Traditionally, the Apple ecosystem has been viewed as “safe” for security-minded enterprises. However, changing work environments and threat landscapes mean that organisations can’t rely purely on vendors to preserve their changing perimeter’s security.
Under new ways of working, traditional forms of implementing security for user devices aren’t always suitable. Often, they don’t account for the fact that:
- Most of today’s workloads are cloud-hosted
- Apps are everywhere and used ubiquitously
Another shift in dynamics concerning device provisioning is that users now expect a more considerable say in what devices they use and how they use them.
As millennials join the workforce and climb the corporate ladder, they are pushing for the adoption of Apple devices and ecosystems. Macs now own 44% of the enterprise device market and are growing faster than competitors. BYOD is also becoming more sought-after as users prefer familiar and consistent experiences.
Obstacles to Enabling a Secure & Modern Workplace
Unsurprisingly, introducing new devices into changing working environments brings a host of challenges. Businesses have to manage increasing risk levels without introducing measures that impact the user experience or productivity.
Most users use multiple devices, which introduces a whole range of metrics to track for management and security, including:
- What devices and how many form part of your network?
- What is their condition?
- What hardware or software versions do they run? Are there any concerns regarding outdated software with potential security exploits?
- Are users maintaining proper cybersecurity hygiene on their devices? For example, strong passwords, SSO, unauthorised apps, etc.
Due to these changing conditions and the dissolution of traditional security perimeters, hackers target users as low-hanging fruit. Threat actors directly target endpoints to locally exploit devices and users and to gain access to the larger organisation’s network.
Macs and Cybersecurity
of infections involved known malware
was new malware by a known attacker
were completely zero-day malware
The heightened threat landscape has arrived during a challenging period for enterprise cybersecurity:
- 61% of users have allowed friends or family members to use their work devices – Companies need to set dynamic acceptable use policies to clearly inform users what is and isn’t permitted on work devices.
- 28% of corporate devices are running a vulnerable OS – Outdated software with known vulnerabilities is one of the most common lines of attack for threat actors.
- Only 37% of companies report using whole-disk encryption – If devices aren’t fully encrypted, some data will constantly be exposed. In 90% of cases, stolen devices cannot be adequately classified because of this lack of encryption.
- Remote workers are 26x more likely to fall victim to cyberattacks – Remote users bring additional security, regulatory, compliance, and financial risk.
With growing networks and work-from-anywhere policies, cyber attackers have a larger potential surface area to attack than ever.
Considering all this, it’s no surprise that human error is the leading cause of 82% of successful cyberattacks. Far from merely impacting individuals, these often lead to disruptive attacks against the business, like ransomware or DoS (Denial of Services) attacks.
Realise the Mobile is not Risk-Free
There is also the misconception that mobile cyber threats are less prevalent. However, 60% of security professionals believe that the real issue is that mobile malware simply goes unreported. For example, research by Jamf shows that many types of malware are pervasive in mobile apps:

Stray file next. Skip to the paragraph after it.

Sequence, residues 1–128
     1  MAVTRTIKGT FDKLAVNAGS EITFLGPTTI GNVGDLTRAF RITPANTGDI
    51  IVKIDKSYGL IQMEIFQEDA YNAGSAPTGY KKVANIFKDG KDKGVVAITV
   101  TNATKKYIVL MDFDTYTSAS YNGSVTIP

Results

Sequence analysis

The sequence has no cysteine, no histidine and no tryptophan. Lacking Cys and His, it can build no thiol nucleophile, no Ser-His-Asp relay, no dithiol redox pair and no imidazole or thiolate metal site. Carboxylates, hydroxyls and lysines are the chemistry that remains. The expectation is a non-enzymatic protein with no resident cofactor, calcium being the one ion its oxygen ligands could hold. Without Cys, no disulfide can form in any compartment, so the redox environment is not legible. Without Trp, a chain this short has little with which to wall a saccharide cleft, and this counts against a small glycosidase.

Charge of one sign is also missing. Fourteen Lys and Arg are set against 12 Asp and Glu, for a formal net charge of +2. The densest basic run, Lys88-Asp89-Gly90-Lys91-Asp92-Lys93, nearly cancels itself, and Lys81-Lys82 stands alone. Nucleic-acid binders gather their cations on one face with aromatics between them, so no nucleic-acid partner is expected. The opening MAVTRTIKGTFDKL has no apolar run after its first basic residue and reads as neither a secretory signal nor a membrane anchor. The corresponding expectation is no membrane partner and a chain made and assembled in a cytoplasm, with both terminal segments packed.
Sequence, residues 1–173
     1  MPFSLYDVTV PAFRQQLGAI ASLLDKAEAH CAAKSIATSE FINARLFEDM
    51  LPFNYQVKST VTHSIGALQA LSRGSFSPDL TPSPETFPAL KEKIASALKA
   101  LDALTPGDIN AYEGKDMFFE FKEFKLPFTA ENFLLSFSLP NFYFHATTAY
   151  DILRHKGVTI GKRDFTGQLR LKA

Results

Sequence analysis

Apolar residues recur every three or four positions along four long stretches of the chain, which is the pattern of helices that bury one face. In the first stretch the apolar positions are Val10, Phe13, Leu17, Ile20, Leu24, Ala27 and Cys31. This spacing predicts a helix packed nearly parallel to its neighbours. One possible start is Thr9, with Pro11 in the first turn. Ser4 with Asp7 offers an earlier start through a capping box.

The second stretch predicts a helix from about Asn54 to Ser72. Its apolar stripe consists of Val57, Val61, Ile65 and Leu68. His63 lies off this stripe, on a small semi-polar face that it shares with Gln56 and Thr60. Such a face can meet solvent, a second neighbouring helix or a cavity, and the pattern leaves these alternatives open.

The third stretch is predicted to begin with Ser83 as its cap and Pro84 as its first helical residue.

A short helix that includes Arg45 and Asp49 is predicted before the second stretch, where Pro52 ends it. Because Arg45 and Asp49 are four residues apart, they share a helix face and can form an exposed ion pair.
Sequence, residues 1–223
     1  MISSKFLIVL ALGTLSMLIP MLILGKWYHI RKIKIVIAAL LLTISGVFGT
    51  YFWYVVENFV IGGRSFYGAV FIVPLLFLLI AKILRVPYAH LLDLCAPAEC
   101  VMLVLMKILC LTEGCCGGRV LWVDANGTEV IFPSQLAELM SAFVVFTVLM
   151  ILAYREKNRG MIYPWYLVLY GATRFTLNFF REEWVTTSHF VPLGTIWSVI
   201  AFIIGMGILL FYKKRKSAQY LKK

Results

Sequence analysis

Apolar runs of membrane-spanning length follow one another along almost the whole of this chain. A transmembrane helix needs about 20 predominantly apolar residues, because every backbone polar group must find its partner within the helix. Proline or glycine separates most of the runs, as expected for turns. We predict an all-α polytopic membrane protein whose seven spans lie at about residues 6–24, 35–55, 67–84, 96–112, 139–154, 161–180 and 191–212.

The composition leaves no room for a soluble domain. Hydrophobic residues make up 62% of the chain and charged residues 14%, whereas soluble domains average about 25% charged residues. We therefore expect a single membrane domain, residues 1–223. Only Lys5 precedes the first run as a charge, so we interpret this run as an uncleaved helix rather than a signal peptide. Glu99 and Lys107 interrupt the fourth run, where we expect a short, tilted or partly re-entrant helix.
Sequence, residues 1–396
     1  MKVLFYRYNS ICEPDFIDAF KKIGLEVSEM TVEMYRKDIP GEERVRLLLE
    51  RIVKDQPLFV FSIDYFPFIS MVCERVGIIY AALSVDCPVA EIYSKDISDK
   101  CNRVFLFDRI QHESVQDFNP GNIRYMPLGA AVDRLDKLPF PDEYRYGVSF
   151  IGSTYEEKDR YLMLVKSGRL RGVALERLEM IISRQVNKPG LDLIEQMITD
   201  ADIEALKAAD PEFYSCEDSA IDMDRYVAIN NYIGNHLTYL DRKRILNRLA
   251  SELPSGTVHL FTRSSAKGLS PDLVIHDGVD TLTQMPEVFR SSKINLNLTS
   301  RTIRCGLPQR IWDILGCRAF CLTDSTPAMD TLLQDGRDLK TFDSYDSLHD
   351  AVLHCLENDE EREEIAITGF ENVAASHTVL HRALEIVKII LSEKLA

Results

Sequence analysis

Furthermore, the fact that mobile devices are “always-on” also means that they are “always vulnerable.” Attackers will try a broad range of vectors to compromise these devices, from general malware to OS exploits to highly targeted attacks. This means that organisations require a comprehensive and defensively layered cybersecurity solution
How to Securely Configure Enterprise Devices
There is a concerted effort from cyber industry leaders, businesses, government, and public interest groups to define best practices for enterprise security and compliance. Numerous standards exist to help companies to advance their cybersecurity maturity levels, such as GDPR (General Data Protection Regulation), Cyber Essentials, and CIS (Center for Internet Security) benchmarks.
However, in broad strokes, here are the essential measures organisations should aim to put in place:
- Acceptable Use Policies: Define and communicate how, when, where, and why corporate devices can be used. This includes what content users can access, who can use the device, and what applications they may install.
- Cellular Usage Controls: Unconstrained mobile service usage can lead to financial risk (bill shock) and an interruption of service.
- Shadow IT: The use of unauthorised applications can lead to company data being mishandled outside the security perimeter. Organisations must address this via security policies.
Jamf specialises in management and security for Apple devices. The company acquired Wandera to help expand its security portfolio but still focuses on being an Apple-best management and security provider.
Jamf has been active for over 20 years. Their close relationship and synergy with the Apple ecosystem are some of the reasons they were able to detect 36% of new malware infections that other vendors missed.
This hyper-focus also means Jamf has developed the capability to detect a wide range of Apple-targeted malware threats for both PCs and mobiles.
Jamf aims to empower users by giving them immediate access to the latest features without incurring additional security risks. It’s the only organisation offering same-day support for major and minor releases.
Get in touch to find out more about securing your Apple suite of devices.